The full extent of the duplicity and villainy of Rose and her family is slowly doled out until it all comes bursting through in the third act. Get Out is careful to unravel its central conceit until this moment, and it manages to do so with the slow drip-drip-drip of escalating unease and tension. It’s a brainy concept for a horror film, white liberals auction off black bodies so that elderly white people can transplant themselves into them as a way of prolonging life or stealing their gifts, and also manages to make a tea spoon’s tinging against the cup into a terrifying sound on par with the alien screech Donald Sutherland unleashes in Invasion of the Body Snatchers.


Each plot twist must orbit around Chris, and Daniel Kaluuya’s performance is a wonder. He was rightly nominated for a slew of best actor awards for his work here. Whether it’s his tear-filled stare at a television screen, a heady mixture of abject terror and mind-bending disbelief, or the frustrated smile of yet another patronizing comment, Kaluuya’s reactive performance is a masterful bit of an actor in complete control. His best work may be a quick glimpse of betrayal and heartbreak as he realizes Rose lured him here like a lamb to slaughter. Get Out’s entire conceit needed a strong leading role to ensure it worked in addition to a confident directorial presence. Peele nailed it.

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Get Out review

Posted : 2 months, 3 weeks ago on 27 January 2018 02:22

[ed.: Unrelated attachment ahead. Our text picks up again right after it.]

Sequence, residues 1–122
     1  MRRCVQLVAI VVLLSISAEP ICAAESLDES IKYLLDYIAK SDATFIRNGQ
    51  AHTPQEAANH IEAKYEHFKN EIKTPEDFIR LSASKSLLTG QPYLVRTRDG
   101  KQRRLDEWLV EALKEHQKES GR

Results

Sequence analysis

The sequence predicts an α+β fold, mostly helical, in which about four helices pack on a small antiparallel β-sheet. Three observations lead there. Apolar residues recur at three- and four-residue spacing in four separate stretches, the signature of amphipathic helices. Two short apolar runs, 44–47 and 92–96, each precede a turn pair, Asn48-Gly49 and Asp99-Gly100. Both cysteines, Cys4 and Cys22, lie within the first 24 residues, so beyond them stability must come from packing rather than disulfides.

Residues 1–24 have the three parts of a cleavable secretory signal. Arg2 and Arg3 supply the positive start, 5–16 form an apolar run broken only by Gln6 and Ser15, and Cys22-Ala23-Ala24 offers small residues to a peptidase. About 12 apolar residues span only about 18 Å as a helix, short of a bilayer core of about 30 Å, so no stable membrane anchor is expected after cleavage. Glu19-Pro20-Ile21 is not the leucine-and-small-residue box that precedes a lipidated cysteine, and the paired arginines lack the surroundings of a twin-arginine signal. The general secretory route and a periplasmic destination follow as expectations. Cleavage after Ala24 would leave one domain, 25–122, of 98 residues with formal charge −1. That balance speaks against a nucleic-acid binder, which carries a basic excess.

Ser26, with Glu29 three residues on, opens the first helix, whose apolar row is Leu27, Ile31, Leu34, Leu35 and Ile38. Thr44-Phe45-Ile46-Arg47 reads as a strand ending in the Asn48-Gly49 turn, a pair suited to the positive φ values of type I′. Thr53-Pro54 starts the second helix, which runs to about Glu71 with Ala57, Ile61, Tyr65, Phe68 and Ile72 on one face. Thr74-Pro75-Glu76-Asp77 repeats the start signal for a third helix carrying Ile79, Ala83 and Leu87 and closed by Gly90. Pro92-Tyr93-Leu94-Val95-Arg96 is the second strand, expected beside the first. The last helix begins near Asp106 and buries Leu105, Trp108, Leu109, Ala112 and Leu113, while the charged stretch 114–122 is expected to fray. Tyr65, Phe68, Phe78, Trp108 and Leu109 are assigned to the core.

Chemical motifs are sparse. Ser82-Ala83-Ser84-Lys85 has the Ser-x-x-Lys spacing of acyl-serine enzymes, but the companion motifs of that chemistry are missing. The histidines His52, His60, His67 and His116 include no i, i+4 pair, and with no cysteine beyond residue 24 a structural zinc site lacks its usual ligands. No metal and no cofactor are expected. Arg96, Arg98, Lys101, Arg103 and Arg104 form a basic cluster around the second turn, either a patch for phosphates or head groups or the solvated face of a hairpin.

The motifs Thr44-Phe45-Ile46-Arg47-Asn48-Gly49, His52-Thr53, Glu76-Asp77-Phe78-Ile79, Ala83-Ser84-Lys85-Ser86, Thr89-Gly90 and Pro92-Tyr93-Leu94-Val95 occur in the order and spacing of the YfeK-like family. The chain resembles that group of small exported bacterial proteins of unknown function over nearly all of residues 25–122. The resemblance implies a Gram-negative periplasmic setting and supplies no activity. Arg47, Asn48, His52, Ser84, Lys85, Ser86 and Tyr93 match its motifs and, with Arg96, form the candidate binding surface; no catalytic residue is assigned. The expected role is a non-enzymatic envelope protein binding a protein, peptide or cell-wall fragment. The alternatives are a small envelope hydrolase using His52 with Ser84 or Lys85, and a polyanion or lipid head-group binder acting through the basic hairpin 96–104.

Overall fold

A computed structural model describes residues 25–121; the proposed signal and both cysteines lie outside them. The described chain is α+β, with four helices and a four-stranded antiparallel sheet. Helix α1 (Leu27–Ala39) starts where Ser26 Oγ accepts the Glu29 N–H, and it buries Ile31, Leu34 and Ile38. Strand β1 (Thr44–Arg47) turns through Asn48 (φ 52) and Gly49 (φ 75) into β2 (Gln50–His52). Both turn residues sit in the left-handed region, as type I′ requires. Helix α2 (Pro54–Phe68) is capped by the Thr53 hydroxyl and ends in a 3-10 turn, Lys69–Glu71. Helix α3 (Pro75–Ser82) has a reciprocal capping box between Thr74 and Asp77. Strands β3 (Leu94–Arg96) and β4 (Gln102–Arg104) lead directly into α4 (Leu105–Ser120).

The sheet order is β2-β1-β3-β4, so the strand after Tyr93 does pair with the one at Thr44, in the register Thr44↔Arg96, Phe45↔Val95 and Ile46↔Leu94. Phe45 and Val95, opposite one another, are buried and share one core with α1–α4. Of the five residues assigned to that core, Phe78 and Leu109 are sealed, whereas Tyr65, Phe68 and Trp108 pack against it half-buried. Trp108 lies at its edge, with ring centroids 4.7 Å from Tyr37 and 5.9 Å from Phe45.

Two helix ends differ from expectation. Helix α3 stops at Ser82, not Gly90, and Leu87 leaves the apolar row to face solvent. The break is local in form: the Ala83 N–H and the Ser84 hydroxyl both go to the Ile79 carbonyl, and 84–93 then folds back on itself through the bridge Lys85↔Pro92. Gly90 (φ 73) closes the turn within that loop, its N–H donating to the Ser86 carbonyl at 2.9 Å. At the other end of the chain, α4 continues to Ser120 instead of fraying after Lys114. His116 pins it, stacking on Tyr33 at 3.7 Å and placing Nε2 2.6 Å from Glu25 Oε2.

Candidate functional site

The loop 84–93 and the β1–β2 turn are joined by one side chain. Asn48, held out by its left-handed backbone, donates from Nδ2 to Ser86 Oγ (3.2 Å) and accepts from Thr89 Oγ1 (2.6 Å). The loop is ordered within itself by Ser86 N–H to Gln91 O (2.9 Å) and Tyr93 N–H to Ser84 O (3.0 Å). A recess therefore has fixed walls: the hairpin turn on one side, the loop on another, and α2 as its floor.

I love it, the farest you can reach now with a genre. This is Rosemary and I walk with a zombi (the other black Kaluuya finds in the reunion) revisited.

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Get Out review

Posted : 11 months ago on 25 May 2017 01:54

This is honestly the most satisfying horror film I've ever seen. Retribution for all the black folks who never survived in every horror film, for all the stereotypes and prejudice! Beyond that it is a great film anyway. Great pacing, great acting, great story!

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A good movie

Posted : 12 months ago on 23 April 2017 07:03

Since I kept hearing some really great things about this movie, I was really eager to check it out and when I heard we would watch it with my film club, I was just thrilled. Indeed, it would be the first horror movie chosen for our film club so my expectations were really high. Unfortunately, even though it turned out to be a decent watch, I can't say I was really blown away by the damned thing though. I mean, to be honest, after watching this movie, you could be wondering why the critics loved it so much. Seriously, the structure was just really classic and predictable and, from the moment the mystery was revealed, as usual in this genre, the whole thing went just way over the top and, to be honest, I had a rather hard time to really care about what happened afterwards. Still, even though it didn't turn out to be such a masterpiece, it was still fairly entertaining. Indeed, Daniel Kaluuya gave a really a solid performance and even though his character went through some completely unbelievable nonsense, he kept it really grounded and I was always rooting for the guy. His buddy Rodney was also pure gold and, in fact, I wish they brought him as well in this demented journey. Anyway, to conclude, even though I think it is actually overrated and even though I think my rating might actually generous here, I still think it is worth a look though.